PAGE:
My last stop in Belize was a little town close to the border of Guatemala. To San Ignacio I took a bus from Dangriga to the capital Belmopan (6 BZD, 1:30h) and took another bus for an hour until I arrived at my destination. I decided to stay at the Hi-Et, where I had a room for myself for 25 BZD which had a nice balcony, where I spent some time reading. The bathroom was shared but just right next door.
In this town lots of tourists were walking around. And so a lot of people trying to offer you their service. I always startled when a taxi driver shouted his service at me. Sometimes I wished for a tee-shirt saying: “Don’t talk to me!” but I heard from other people that they were even more bothered/pestered than I was.
Where are the bikes?
Since some places to visit are close by I thought about renting a bike. My guide book from the year of 2006 also was mentioning that and so I went on an odyssey to find a bike. First I asked at my hotel but they didn’t know about any place and told me to ask at Pacs Tours (which I shouldn’t recommend for any tours by the way!). They also told me that they don’t know of any place to rent a bike. Finally I came across Mayawalk Tours who were telling me to go to a guy called Hummer, who might rent those out. After some more asking around I found this guy. My hopes elated when I was asking him for a bike. But he only could offer motorbikes. After some thinking he told me to come back half an hour later while he tries to organize one for me. To make it short … he couldn’t find one in the end, but I still was thankful for trying.
The reason why there are no bikes anymore, could be that it would take away business from the taxis. A tour to El Pilar, which is around 16km away is a good way to make some money for a taxi. Some other guy told me that those bikes, which actually existed few years ago, were in a too bad shape … hmm.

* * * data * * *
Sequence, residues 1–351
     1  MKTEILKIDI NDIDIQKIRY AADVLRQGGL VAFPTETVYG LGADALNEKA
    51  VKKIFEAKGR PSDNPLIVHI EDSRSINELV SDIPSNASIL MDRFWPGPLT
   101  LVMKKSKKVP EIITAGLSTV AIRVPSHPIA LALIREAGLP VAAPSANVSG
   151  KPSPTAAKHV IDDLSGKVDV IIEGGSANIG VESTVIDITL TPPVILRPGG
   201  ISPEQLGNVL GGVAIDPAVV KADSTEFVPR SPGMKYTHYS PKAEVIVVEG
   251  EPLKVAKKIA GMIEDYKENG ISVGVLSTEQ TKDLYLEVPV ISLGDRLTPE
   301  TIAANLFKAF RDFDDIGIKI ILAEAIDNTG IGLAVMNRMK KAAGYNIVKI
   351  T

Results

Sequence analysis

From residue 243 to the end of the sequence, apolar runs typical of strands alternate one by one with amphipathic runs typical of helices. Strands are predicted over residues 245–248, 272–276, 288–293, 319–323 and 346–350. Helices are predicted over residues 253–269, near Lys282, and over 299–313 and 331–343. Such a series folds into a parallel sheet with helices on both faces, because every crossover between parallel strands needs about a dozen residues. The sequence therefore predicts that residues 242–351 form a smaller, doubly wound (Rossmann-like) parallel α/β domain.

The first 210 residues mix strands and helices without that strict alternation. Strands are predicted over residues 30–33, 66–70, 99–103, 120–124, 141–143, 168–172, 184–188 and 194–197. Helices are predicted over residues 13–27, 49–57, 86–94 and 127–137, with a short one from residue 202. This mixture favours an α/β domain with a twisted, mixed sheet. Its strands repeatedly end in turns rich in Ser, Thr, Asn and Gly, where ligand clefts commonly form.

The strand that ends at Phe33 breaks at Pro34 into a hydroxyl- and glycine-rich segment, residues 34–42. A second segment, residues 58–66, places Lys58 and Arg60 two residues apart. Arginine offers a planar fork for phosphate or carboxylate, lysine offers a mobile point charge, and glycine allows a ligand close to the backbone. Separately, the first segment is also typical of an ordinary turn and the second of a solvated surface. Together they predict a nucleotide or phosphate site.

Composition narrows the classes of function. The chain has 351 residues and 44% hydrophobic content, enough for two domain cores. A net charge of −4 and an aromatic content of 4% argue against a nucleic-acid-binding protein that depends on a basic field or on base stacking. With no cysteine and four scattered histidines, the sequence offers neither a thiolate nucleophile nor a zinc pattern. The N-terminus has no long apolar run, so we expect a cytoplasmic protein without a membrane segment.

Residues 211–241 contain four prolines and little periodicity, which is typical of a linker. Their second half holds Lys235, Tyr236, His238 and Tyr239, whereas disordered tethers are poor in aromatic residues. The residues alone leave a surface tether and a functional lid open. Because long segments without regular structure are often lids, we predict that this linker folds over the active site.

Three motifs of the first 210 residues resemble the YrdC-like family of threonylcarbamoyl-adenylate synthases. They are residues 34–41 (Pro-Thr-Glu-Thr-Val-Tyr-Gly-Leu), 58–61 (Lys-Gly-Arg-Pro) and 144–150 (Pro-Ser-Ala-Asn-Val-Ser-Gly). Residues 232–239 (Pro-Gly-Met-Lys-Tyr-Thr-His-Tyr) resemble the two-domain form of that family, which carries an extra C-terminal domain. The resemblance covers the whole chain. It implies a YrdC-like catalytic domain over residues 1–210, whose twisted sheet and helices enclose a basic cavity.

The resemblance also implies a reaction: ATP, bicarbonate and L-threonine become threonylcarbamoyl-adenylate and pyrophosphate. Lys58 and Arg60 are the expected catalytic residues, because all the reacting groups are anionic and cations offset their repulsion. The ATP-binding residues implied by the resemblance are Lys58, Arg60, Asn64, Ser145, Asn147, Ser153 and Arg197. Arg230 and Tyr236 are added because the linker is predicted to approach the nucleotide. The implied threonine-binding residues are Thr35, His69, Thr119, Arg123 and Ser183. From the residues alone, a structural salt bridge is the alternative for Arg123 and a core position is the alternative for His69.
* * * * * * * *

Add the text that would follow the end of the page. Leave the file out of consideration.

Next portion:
Actun Tunichil Muknal
Another day I decided to take a tour to Actun Tunichil Muknal (short ATM), which is a cave. This tour included a 45 minutes hike (each way), lunch and 3h inside the cave with all¬†equipment. Those tours are quite expensive and I paid $75 (US!) in the end, but it was worth it in my opinion. At least if you are new to caves!
At 7:30am we started for the cave in a little van. We were six people and drove for almost an hour until we started our hike towards the cave. Our guide was telling us a lot of stuff about the jungle and¬†certain¬†plants, which was really interesting. It was good to start early, so we were the first tour group that arrived at the cave. After we received our helmets with their headlamps attached, we went directly into the cave.
I heard that there was some swimming involved and was surprised that we already had to do it when we entered the cave. It were just a few meters but enough to get totally wet and awake. I was afraid that I would get cold, since I imagined caves always wet and cold, but the temperature was fine.
We came across several formations of stalagmites which looked beautiful in the way they were created over several of decades. Our guide always told us which walls and stones we shouldn’t touch to prevent the cave from ‘dying’. We went deeper and deeper into the cave and came across more and more Maya remains. Pots and¬†skeletons¬†that weren’t move from the day they had been found. That was quite interesting, that these things didn’t end up in a museum.
I wondered why we had to bring socks with us, until we came to a place inside the cave which we weren’t allowed to enter¬†bare feet¬†or with shoes. Carefully we walked around fragile pots and bones and sometimes our guide told us to switch off our lights. Finally I was able to recognize how dark it can be. Then he was using his flash light to show us the surrounding, which¬†emphasized¬†every piece in the cave even more. At the end of our tour we reached the remains of a complete skeleton. Several stories exists about that one, why it was there and why its spine was broken. But we only can guess …